Figure 6: Time scale until the initial velocity becomes half. Different line types are corresponding to different situations. Solid, dot and dash line represent the models for at and respectively. Long dash line shows the model for at with a photon trapping time of 15 times the crossing time.

4 Discussion & Summary

In this paper, we have investigated the effect of radiation drag due to scattering on accreted neutral gas clouds around first stars. We find that half of the angular momentum of gas with near a Pop III star of at is lost within . Due to the sensitivity of the scattering cross section to gas velocities, the radiation drag () declines strongly for gas clouds with velocities . For initial gas cloud velocities of , more than half of the angular momentum can be kept for against the radiation drag. For our fiducial model with , does not depend on stellar mass. On the other hand, is sensitive to redshift. At decreasing redshifts, due to larger sizes of Hii regions, the number density of photon decreases. Consequently, decreases with . We find that only at redshifts , the radiation drag suppress circular motion of accreted gas efficiently, while it is not likely to block infalling stream motion like cold accretion with (Yajima et al. 2012c). The radiation drag time-scale is much shorter than that of the dynamical friction in gas medium (Ostriker 1999) and the dynamical time scale at . Hence, this effect dominates the angular momentum transport and suppress the formation of large scale gas discs around the first objects like Pop III stars and seed black holes, and enhance the gas accretion towards them. Note that, however, if the clouds enter the virial radius before the stars die, they are most likely destroyed due to photoevaporation and no accretion onto the central object will occur.

Here, we focused on the gas accretion onto mini haloes in which Pop III stars formed. Similar radiation drag may occur around the first galaxies at later times. Since the typical formation epoch is later than that of Pop III stars, the photon density and are smaller. However, recent simulations have shown that the escape fraction of ionizing photons decreases with halo mass (Yajima et al. 2011, 2012d; Paardekooper et al. 2013). Smaller escape fractions result in compact Hii regions and high-density photon fields, resulting in higher . In addition, continuous star formation keeps the production of photons ongoing and allows the radiation drag to occur for a longer time. Hence, the situation with respect to the radiation drag around first galaxies is not certain.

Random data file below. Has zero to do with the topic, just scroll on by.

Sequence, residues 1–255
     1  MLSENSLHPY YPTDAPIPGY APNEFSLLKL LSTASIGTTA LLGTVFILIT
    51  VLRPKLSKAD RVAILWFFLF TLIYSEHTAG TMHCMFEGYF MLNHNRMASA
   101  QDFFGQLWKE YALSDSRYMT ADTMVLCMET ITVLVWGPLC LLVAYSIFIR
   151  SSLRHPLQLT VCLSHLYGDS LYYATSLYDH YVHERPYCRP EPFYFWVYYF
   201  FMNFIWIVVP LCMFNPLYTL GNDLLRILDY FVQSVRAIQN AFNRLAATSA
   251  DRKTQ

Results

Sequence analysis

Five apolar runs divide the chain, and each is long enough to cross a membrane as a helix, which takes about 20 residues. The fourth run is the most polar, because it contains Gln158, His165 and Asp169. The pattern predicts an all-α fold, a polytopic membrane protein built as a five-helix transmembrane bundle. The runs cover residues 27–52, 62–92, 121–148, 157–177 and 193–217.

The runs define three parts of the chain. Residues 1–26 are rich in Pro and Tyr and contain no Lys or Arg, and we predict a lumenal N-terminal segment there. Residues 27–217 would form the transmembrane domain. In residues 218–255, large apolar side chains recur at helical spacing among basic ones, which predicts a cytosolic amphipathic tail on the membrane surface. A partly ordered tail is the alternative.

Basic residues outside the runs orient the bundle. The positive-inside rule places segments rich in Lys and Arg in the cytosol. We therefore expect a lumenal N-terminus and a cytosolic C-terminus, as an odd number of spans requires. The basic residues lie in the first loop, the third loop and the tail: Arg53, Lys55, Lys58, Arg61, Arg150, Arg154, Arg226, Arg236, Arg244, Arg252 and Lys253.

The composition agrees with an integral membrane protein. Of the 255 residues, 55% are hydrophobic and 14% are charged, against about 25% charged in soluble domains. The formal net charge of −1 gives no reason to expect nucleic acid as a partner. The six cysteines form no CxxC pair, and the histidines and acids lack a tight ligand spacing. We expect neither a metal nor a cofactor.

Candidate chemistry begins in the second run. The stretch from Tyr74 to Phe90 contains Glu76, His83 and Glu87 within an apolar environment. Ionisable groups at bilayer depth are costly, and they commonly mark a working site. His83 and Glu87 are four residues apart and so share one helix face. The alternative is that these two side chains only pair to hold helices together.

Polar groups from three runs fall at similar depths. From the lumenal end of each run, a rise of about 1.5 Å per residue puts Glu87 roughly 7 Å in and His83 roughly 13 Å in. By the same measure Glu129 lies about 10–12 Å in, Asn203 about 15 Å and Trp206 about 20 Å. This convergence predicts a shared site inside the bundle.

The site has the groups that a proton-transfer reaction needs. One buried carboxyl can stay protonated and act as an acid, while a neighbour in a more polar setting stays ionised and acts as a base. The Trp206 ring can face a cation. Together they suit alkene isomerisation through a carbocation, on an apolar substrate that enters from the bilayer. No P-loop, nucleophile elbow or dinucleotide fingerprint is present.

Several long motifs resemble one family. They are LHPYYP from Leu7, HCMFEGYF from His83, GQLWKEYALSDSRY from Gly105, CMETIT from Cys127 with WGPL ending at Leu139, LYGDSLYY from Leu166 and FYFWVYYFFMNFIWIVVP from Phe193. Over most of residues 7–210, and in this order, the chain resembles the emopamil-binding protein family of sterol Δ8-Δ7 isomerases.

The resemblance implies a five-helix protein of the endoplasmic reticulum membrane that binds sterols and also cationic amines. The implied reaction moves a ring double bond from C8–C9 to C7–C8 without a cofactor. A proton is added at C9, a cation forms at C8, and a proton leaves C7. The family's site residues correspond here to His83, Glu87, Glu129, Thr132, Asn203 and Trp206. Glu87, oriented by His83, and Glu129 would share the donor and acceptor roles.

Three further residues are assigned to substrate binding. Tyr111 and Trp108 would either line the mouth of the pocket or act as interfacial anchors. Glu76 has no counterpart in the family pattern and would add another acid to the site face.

After the death of stars, the central region in the Hii recombines fast, resulting in a Hii shell in between a central Hi region and an outer Hi border. The shell becomes smaller as the central region continues to recombine while the number of photons in the shell stays roughly constant. The radiation drag increases during this period in the shell, until it has recombined or the photons have escaped.

While the assumption of a uniform IGM density is fair, the gas within the virial radius is highly inhomogeneous (Abel et al. 2007). This limits the validity of our model from the edge of the Hii region ( a few kpc) to the virial radius ( a few hundreds pc). However, as we show above this is the dominant region in which angular momentum loss occurs. The evolution inside the halo is complex as e.g. shock waves exist with (Abel et al. 2007; Yoshida et al. 2007). These are generated in tandem with the I-front. At first, due to the high-density gas around the star, the I-front is D-type and slowly propagates with the shock. Then, reaching low-density regions, the I-front changes to R-type and quickly expands, while the shock is left behind stagnating at a propagation velocity of . As a result, the shock is at around the virial radius when the central star dies (Yoshida et al. 2007). Once the clump reaches the virial radius, it is likely to interact with the shock and be compressed and heated up. As a result, the accreted gas may be destroyed or survive by efficient cooling emission (Dekel & Birnboim 2006). This evolution of the accreted gas at is out of the scope of our simple model in this paper.

In this work, as a first step, we use an analytic model to estimate the radiation drag by estimating the upper limit of the possible radiation field. It is important to note, that in our model trapping of photons is key. Once e.g. supernovae efficiently blow out gas, photons are able to escape the local region and the radiation drag quickly becomes unimportant. In a follow-up study we will investigate the radiation drag in a more realistic set-up including a self-consistent time evolution within hydrodynamics simulations.


We are grateful to Y. Li and M. Umemura for valuable discussion and comments. We thank the anonymous referee for useful comments.